U.S. Marshal Anita Blake, of the Preternatural Branch, faces down a zombie horde, a curiously elusive and powerful vampire, and a flood of prejudice in this far-too-talky installment of a seminal urban fantasy series (Kiss the Dead, 2012, etc.).
The estranged father of Micah, Anita’s wereleopard lover, is dying from a mysterious attack that left him with a rotting disease. So, Anita, her other wereleopard lover, Nathaniel, and a host of lycanthropic guards and lovers travel to Boulder to visit Micah’s father, Rush, and determine the perpetrators of the attack. Her initial investigation is hampered by local law enforcement, many of whom object to her associations with shape-shifters and vampires as well as her busy love life. Hamilton/Anita make a valid point—it’s unfair that it’s more socially acceptable for a man to have many lovers than for a woman to do so; however, it seems unnecessary for the author to keep preaching to the choir that has followed Anita to Book 22. It’s also understandable that Anita would be so defensive, given just how hostile Hamilton writes her adversaries, but that hostility feels contrived, as if the author was playing a chess game against herself. Plus, so much time is spent explaining, justifying and angst-ing about Anita’s complex relationships that there’s barely any room left over for plot. We’re a third of the way into the book before there are any (admittedly excellent) action scenes and further still before there are any (steamy, but far too brief) sex scenes. There’s so much telling instead of showing that the book’s ultimately not much of an effective advertisement for polyamory.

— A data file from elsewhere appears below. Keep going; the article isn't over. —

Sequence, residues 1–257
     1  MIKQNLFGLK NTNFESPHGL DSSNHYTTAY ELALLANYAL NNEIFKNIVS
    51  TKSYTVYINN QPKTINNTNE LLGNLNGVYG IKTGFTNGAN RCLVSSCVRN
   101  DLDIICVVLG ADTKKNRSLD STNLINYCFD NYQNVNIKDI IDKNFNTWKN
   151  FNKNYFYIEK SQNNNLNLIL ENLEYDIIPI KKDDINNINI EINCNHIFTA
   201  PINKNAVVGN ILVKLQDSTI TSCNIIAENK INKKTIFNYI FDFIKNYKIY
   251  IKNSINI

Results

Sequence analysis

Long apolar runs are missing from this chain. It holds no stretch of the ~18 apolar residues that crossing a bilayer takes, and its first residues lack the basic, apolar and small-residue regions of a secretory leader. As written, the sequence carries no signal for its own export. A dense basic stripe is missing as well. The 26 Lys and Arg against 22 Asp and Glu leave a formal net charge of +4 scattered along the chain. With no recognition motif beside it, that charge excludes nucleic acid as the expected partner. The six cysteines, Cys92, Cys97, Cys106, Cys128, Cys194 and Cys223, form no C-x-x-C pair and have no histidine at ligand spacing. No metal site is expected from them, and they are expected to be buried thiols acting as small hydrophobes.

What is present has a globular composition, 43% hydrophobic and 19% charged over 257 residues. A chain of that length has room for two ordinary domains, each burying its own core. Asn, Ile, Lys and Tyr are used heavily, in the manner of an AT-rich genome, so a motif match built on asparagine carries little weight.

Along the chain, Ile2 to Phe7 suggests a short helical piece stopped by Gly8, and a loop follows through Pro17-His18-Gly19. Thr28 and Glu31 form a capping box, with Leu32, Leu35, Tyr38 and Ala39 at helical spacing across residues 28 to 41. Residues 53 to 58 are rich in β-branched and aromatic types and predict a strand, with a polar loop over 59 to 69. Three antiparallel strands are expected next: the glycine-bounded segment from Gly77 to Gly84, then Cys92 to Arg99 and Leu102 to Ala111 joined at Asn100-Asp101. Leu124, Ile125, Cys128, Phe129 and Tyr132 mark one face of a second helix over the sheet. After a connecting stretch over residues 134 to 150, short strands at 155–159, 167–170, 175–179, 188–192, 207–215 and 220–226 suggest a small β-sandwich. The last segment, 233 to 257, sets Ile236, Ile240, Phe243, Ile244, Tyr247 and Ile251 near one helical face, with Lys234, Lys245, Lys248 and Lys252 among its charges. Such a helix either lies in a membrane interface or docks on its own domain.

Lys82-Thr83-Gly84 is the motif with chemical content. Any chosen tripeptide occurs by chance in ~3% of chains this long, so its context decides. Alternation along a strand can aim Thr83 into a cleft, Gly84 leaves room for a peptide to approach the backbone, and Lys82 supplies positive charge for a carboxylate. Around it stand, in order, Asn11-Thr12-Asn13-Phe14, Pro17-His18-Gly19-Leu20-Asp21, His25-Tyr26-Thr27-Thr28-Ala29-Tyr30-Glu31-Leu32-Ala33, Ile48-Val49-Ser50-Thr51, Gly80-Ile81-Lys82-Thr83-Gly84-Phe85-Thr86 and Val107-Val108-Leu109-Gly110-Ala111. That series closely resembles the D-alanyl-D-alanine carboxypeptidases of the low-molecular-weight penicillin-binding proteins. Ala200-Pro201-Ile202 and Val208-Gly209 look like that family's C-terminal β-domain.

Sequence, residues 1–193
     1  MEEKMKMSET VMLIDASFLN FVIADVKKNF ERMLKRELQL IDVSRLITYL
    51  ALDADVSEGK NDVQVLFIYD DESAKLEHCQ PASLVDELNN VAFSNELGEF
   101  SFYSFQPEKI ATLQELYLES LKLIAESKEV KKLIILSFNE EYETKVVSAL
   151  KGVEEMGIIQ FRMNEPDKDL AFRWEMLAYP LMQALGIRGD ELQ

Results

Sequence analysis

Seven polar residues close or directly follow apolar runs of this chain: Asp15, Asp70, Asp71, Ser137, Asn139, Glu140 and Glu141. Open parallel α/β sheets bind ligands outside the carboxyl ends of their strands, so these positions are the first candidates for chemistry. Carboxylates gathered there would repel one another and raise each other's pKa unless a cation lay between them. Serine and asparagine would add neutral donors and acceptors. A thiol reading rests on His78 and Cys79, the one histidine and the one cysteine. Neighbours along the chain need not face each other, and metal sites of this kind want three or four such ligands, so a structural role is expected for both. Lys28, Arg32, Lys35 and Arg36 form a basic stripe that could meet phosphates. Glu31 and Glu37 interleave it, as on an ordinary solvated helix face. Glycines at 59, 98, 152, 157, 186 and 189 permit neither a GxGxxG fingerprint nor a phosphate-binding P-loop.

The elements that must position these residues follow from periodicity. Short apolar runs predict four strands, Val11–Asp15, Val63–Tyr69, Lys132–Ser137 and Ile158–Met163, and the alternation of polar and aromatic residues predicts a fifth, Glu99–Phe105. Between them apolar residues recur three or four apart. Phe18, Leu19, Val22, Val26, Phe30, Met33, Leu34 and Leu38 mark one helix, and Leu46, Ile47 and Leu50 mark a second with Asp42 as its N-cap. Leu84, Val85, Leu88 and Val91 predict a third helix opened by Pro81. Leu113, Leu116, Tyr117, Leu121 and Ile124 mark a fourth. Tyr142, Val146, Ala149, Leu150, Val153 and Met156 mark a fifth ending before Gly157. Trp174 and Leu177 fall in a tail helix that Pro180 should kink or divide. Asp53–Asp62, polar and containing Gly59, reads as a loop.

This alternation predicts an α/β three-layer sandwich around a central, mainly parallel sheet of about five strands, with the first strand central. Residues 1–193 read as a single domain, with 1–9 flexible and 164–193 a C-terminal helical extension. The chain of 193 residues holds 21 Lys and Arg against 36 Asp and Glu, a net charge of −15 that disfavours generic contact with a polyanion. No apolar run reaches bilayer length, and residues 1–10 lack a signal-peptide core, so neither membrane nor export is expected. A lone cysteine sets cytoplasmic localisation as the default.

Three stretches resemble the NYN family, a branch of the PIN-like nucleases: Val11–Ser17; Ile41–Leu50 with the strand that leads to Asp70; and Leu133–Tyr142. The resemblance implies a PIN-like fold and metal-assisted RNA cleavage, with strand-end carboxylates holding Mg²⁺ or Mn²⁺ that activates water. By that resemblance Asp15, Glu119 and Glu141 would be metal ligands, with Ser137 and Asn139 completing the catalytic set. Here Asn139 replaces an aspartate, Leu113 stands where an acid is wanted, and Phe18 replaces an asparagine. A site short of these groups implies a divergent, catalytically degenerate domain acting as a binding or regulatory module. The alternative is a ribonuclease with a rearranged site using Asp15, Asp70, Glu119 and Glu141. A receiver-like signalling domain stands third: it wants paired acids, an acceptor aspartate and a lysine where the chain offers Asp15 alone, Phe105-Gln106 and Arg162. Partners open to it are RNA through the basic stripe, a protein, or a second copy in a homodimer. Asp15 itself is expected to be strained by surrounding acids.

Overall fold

The already converted may consider a sermon interleaved with brief slivers of story acceptable; others will be bored rather than outraged.